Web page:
Depressive Symptoms among Rural “Left-Behind” Older Adults: A Test of the High Outmigration Penalty Hypothesis

J Gerontol B Psychol Sci Soc Sci. 2021 Mar 8:gbab040. doi: 10.1093/geronb/gbab040. Online ahead of print.


OBJECTIVES: We investigated whether there was a “high outmigration penalty” for psychological health among older adults in rural China by assessing two potential community stressors associated with major sociodemographic changes in the community – increased outmigration and older adult density. We also investigated whether disparities in community economic conditions moderated the association between community stressors and depressive symptoms.

METHODS: We employed three waves of data from the China Health and Retirement Longitudinal Study (2011-2015), using multilevel negative binomial models to address our research questions.

RESULTS: Our results supported the “high outmigration penalty” hypothesis. Older adults living in low-income rural communities may experience an aggravated mental health penalty compared to those living in high-income rural communities. Higher older adult density was also associated with more depressive symptoms but only in less wealthy communities. Community differences in economic conditions were key factors buffering the high outmigration disadvantage associated with the psychological health of older Chinese adults.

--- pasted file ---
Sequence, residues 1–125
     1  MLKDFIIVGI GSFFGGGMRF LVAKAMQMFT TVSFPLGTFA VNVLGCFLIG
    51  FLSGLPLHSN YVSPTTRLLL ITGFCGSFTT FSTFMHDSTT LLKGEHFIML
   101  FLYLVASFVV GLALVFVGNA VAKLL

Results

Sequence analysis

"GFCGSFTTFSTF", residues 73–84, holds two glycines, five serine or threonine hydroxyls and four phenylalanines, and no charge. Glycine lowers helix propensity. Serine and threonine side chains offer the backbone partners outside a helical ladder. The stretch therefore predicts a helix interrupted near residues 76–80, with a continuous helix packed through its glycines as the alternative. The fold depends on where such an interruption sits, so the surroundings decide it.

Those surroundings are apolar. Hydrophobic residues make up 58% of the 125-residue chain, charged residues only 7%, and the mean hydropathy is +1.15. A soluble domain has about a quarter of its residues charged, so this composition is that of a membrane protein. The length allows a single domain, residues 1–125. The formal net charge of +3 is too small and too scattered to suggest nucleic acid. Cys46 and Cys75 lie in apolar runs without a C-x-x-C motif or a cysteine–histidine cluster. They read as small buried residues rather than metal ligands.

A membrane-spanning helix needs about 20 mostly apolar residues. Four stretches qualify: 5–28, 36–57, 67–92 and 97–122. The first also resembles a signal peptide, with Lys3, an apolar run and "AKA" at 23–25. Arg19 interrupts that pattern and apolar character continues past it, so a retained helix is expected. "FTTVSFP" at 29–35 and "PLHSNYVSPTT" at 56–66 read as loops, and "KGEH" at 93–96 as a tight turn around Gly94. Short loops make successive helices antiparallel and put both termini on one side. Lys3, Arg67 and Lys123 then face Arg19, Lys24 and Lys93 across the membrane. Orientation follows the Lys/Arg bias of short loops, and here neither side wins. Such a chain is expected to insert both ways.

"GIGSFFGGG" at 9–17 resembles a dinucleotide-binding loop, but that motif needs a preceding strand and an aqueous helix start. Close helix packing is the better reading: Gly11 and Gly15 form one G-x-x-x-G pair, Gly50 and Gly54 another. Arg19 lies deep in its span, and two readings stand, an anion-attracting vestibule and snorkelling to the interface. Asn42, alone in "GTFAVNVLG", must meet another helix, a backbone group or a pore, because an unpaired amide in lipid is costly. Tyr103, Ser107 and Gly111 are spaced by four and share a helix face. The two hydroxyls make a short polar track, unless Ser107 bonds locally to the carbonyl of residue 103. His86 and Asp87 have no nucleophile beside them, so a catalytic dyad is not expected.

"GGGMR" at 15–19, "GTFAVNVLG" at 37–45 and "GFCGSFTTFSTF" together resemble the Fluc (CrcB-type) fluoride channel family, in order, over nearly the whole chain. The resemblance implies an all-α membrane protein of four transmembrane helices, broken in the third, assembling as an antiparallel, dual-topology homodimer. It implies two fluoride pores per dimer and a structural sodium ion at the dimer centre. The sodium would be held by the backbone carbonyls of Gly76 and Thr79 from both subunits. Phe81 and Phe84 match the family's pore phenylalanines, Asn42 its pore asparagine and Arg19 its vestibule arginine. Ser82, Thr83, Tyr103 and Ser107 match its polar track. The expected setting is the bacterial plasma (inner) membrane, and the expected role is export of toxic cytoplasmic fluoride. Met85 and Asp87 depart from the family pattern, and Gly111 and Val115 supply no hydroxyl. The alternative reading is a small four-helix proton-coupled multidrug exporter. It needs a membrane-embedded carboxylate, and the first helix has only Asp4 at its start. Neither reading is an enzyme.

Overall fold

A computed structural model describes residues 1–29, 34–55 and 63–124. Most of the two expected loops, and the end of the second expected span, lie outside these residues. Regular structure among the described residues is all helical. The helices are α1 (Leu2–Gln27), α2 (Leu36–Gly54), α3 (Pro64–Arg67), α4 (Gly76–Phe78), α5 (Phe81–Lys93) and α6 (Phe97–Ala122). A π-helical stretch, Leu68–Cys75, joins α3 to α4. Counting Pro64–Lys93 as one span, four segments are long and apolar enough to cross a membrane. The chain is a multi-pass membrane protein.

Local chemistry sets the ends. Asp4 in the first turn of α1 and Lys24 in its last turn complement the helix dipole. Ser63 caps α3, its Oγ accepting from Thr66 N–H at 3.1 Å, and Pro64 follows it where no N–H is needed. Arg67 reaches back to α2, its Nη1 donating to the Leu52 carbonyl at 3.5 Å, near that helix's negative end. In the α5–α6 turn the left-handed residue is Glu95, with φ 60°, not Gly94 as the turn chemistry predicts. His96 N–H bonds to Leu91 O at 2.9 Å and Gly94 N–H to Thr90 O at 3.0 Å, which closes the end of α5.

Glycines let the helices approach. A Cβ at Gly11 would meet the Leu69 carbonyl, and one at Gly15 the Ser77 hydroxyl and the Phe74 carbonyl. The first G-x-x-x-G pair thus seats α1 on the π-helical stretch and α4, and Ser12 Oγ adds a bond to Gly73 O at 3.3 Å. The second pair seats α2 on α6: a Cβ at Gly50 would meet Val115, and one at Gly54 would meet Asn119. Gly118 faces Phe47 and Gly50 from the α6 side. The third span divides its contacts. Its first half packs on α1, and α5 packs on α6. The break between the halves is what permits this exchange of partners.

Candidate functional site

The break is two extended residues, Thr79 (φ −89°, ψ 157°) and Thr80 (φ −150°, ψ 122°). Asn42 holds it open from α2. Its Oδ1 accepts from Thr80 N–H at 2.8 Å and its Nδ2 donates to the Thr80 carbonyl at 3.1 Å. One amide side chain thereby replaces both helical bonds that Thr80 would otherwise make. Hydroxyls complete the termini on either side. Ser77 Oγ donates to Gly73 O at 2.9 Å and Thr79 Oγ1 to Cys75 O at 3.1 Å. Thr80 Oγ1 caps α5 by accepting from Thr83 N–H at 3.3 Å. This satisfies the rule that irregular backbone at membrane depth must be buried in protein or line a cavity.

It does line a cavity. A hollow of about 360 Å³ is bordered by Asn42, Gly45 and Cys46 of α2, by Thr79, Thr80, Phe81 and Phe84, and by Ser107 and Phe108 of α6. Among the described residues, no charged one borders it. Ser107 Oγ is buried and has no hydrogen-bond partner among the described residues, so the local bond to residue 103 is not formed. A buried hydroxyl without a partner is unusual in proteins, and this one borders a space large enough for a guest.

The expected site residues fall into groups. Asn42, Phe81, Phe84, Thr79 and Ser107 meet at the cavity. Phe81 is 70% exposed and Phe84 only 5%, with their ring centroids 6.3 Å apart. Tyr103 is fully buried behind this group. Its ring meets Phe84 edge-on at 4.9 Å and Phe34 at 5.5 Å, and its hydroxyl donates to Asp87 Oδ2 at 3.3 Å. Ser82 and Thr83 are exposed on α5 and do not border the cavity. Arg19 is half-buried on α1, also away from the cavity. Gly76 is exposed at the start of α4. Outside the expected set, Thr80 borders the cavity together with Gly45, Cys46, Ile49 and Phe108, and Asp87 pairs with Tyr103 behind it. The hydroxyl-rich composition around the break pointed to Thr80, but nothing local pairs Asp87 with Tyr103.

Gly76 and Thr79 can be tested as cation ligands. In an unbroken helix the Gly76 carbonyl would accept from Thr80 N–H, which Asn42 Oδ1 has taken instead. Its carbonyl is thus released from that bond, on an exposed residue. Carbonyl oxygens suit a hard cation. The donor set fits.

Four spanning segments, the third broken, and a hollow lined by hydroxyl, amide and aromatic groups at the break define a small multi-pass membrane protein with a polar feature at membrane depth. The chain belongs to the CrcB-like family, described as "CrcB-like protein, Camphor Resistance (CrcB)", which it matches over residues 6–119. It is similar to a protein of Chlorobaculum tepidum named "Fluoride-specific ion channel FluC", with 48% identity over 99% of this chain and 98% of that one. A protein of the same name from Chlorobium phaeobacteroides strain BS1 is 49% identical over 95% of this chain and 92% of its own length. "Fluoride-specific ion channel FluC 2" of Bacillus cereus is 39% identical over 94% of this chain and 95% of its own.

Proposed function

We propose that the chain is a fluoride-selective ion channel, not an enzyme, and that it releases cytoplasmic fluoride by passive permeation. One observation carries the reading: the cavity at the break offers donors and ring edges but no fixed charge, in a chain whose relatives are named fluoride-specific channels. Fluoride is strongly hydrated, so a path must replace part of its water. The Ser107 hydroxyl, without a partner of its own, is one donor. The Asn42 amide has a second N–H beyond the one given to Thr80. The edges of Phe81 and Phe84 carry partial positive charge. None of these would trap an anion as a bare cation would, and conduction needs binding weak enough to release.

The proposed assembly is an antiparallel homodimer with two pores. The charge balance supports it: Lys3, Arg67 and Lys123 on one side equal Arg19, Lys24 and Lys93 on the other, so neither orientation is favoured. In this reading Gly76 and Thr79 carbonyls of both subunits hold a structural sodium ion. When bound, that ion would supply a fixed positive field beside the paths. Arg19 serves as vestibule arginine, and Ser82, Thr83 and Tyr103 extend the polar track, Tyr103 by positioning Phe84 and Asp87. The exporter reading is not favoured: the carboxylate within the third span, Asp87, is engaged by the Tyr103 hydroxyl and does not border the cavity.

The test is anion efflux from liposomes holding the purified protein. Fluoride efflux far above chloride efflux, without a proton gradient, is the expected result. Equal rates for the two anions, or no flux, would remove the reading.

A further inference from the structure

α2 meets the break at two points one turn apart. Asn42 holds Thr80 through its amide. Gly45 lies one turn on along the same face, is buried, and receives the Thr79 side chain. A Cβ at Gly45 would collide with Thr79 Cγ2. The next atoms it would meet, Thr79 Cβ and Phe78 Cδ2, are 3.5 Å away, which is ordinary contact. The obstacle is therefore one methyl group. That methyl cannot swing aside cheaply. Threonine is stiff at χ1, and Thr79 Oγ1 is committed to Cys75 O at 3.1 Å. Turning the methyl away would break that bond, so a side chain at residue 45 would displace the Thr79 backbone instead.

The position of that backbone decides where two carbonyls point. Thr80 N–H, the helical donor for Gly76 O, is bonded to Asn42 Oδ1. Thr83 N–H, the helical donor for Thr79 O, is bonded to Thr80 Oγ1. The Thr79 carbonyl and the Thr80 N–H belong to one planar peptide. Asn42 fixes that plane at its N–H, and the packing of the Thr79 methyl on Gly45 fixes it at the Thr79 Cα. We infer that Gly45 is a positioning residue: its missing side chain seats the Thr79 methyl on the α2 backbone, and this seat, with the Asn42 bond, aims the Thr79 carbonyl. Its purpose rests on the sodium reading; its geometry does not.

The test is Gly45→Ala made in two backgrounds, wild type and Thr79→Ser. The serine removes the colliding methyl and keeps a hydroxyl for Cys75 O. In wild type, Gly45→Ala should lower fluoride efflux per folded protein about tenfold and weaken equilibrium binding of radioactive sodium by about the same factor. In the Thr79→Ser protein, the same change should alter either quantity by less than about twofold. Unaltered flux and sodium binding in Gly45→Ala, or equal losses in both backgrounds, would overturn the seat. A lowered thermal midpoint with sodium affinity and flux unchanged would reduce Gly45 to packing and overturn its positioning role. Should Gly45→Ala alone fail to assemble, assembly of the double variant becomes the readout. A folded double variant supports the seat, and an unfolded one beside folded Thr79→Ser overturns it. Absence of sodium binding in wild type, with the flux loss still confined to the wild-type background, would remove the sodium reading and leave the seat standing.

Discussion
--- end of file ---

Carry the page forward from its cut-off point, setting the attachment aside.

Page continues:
DISCUSSION: Rural outmigration may have deepened existing inter-community health disparities among older adults. Policies should be developed to address community-level factors negatively associated with the well-being of older Chinese adults living in high outmigration and less wealthy rural communities.

PMID:33693645 | DOI:10.1093/geronb/gbab040